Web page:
The partnership of coach Bill Belichick and quarterback Tom Brady has defined the NFL in this new century, starting with the 2001 season and arriving on Sunday in the spectacular football edifice in downtown Minneapolis.
There was much angst among defenders of our migrating birds that those huge glass panels making up its doors to the world would have a devastating effect on our feathered creatures.
I had the bird joke all ready to go when Belichick, Brady and the New England Patriots figured out a way to defeat Philadelphia — something corny, like the latest avian deaths at the stadium were a flock of Eagles.
Scratch that one. The Eagles won their first championship since 1960 in a 41-33 shootout, in which Brady gave the best that a quarterback can offer, and it appeared that Belichick had a bad night.
You went from asking the usual, “How did Belichick figure that out?” to “What is Belichick doing?”
The Eagles had the ball twice in the first quarter and cruised through the Patriots’ sorry excuse for a defense. First, Jake Elliott kicked a field goal and then Nick Foles threw a 34-yard touchdown to a marvelous Alshon Jeffery.
It was 9-3 when the Patriots got the ball for the second time. Brady promptly drove them down the field. Finally, they were at Philly’s 8 on fourth down and a foot.
Belichick sent in Stephen Gostkowski for the field goal. Holder Ryan Allen boxed the snap, and when he put it down, Gostkowski hit a goalpost.
The Patriots were able to get a punt out of the Eagles on the next possession. It came two minutes into the second period and would become the only punt in this game.
New England got the ball back at its 37, wound up at fourth-and-5 at the Eagles 35-yard-line, and went for it. The Patriots missed, and soon Philly was in the end zone again — on a 21-yard burst by ex-Patriot LeGarrette Blount.
This didn’t make a lot of sense to us civilians: Take 3 on fourth-and-a-foot, go for it on fourth-and-5.
And that wasn’t the extent of it: Where were Belichick’s famous defensive adjustments? Where was Malcolm Butler when nobody in the back end could cover a receiver?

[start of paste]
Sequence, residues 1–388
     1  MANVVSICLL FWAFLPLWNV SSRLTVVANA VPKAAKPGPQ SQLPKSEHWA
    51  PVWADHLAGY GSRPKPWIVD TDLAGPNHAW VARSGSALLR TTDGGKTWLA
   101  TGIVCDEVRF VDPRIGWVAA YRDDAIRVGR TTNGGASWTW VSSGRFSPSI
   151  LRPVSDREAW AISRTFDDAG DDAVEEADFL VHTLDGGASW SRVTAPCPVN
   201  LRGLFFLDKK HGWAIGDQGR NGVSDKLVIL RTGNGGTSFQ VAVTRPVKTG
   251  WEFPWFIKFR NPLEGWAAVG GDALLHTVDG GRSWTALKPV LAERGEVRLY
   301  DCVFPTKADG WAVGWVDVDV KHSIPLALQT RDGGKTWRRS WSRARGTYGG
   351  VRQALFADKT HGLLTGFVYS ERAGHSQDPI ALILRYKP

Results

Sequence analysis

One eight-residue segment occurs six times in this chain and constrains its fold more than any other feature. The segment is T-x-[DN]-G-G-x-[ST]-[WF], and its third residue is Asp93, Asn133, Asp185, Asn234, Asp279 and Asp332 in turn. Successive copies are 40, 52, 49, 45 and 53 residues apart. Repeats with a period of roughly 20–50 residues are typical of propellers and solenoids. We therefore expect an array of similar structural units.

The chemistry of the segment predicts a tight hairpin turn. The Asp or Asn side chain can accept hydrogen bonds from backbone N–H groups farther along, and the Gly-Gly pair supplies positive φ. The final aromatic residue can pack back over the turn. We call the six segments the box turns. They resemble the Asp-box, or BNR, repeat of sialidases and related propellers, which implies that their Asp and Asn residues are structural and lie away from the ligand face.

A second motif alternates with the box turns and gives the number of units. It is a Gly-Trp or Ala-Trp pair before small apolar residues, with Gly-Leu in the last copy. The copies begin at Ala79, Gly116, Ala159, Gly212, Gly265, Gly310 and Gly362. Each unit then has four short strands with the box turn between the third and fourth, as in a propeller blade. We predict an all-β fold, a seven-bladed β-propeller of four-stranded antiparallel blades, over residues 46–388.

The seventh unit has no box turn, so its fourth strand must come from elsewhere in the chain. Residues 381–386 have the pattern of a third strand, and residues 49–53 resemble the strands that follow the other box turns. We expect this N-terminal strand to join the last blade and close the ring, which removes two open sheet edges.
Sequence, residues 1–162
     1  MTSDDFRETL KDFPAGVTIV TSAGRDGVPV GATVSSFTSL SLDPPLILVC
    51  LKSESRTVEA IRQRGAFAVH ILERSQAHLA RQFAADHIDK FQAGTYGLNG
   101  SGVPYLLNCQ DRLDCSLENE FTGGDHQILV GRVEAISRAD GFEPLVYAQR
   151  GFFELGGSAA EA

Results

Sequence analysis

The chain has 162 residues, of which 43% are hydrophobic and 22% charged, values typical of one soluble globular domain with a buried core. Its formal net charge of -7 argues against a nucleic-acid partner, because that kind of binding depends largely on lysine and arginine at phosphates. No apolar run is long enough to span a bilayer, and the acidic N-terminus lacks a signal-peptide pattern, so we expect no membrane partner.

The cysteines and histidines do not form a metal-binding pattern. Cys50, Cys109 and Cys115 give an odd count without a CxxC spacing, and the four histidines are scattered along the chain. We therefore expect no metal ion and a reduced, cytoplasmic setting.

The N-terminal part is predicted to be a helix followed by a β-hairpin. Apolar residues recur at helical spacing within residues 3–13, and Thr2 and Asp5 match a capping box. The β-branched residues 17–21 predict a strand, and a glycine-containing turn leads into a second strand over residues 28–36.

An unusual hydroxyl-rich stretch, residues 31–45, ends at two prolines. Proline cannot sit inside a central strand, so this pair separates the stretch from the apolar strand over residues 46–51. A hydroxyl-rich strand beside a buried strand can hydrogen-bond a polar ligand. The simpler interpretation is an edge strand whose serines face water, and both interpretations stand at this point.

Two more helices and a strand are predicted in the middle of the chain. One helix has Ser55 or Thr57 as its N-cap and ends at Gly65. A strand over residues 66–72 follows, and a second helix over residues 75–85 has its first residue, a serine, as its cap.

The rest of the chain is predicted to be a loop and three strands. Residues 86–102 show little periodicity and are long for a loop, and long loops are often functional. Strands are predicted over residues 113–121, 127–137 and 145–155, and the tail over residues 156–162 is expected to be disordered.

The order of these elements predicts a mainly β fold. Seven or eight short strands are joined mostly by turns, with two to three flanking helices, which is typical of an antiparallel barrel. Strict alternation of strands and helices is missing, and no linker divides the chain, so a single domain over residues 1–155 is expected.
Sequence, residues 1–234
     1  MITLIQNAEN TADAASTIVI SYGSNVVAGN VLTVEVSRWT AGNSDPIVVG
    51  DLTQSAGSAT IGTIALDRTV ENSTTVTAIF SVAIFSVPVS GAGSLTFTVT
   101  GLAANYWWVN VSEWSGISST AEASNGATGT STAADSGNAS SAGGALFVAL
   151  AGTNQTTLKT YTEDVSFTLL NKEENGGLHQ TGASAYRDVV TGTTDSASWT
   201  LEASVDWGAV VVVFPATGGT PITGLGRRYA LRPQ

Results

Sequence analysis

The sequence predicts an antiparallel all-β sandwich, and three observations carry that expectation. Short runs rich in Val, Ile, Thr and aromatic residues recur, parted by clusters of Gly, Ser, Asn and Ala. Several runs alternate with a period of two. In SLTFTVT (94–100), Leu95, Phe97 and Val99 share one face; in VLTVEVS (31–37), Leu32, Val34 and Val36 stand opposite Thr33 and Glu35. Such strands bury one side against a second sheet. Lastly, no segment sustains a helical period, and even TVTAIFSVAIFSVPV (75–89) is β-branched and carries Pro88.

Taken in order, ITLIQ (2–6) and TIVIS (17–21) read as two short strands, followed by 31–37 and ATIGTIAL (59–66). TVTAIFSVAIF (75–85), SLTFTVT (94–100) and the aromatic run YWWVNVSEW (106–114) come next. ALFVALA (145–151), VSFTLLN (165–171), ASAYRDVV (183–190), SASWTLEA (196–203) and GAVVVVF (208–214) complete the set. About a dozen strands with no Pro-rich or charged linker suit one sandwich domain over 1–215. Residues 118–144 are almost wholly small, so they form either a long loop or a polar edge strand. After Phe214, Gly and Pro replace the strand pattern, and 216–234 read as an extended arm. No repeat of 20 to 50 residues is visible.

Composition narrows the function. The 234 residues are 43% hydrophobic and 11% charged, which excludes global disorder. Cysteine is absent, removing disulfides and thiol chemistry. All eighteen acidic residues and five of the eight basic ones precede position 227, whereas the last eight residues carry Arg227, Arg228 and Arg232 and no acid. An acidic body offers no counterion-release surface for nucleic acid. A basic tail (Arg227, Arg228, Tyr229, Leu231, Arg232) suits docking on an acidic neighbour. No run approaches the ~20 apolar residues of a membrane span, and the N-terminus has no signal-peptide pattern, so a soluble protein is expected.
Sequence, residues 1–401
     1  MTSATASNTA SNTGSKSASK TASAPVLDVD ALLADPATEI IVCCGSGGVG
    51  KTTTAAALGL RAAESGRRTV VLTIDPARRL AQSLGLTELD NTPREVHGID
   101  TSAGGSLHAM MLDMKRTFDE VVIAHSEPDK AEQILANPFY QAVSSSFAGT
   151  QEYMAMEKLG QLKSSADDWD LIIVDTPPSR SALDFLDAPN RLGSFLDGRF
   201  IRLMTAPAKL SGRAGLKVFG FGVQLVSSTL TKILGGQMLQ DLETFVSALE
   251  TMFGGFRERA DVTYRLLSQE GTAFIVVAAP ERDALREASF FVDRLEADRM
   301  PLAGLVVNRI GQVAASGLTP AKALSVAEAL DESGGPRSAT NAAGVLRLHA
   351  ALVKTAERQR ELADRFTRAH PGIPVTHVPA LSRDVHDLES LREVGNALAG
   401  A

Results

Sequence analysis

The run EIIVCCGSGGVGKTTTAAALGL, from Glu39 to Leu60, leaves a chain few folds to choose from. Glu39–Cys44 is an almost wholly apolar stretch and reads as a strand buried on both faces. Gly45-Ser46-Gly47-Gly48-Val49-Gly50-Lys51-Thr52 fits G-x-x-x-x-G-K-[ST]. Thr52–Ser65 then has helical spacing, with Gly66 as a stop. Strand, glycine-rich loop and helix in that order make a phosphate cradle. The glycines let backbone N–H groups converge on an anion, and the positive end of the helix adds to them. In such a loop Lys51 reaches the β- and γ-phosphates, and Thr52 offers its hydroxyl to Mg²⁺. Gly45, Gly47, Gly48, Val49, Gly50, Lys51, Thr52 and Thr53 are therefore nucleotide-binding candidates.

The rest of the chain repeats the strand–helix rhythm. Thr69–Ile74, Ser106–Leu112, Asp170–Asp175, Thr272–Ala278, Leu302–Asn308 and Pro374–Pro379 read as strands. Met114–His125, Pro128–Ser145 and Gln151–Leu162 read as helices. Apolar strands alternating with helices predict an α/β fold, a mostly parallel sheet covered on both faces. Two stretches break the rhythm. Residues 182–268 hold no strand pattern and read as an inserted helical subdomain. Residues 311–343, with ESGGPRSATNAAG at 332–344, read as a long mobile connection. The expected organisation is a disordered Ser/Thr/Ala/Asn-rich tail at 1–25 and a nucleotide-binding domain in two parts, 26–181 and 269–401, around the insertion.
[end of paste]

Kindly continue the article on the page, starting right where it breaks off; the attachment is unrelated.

Brady completed 28 of 48 passes for 505 yards and three touchdowns. He brought the Patriots all the way back, to a 33-32 lead with 9:22 left, but this time, there was no help from the defense.
Brady lost Julian Edelman and Malcolm Mitchell, a second-year guy with a chance to emerge, as receivers to knee injuries before the season started.
Rob Gronkowski, the oft-injured mighty weapon at tight end, also missed two games during the season — and then suffered a concussion on a brutal hit by Jacksonville’s Barry Church in the AFC Championship Game.
The Patriots won 11 of the last 12 to finish 13-3 without Edelman and Mitchell. And then they completed a rally in the fourth quarter without Gronkowski against Jacksonville to gain a return to the Super Bowl.
The Patriots made the unusual move of trading for a big-time receiver last spring in Brandin Cooks. He proved to be the deeper receiving threat the Patriots sought, with 65 receptions for 1,082 yards and an average of 16.6 yards.
New England went into Sunday with Cooks and two midrange guys — Danny Amendola and Chris Hogan — for the three-receiver sets. Immediately, the game turned into a shootout, with Philadelphia leading 9-3 early in the second quarter.
New England was starting at its 37 and Brady found Cooks open past midfield. Cooks tried to cut back to his left and ran directly into Malcolm Jenkins, the Eagles’ vicious-hitting safety.
Cooks was laid out a couple of minutes, then went to the sideline, and soon it was announced that he would not return because of a “head injury.”
This left Brady with Gronkowski, Amendola, Hogan and reserve Phillip Dorsett. Brady wore out the Eagles with Gronkowski in the second half.
Brady did his part and more in Super Bowl No. 8. Belichick … not so much.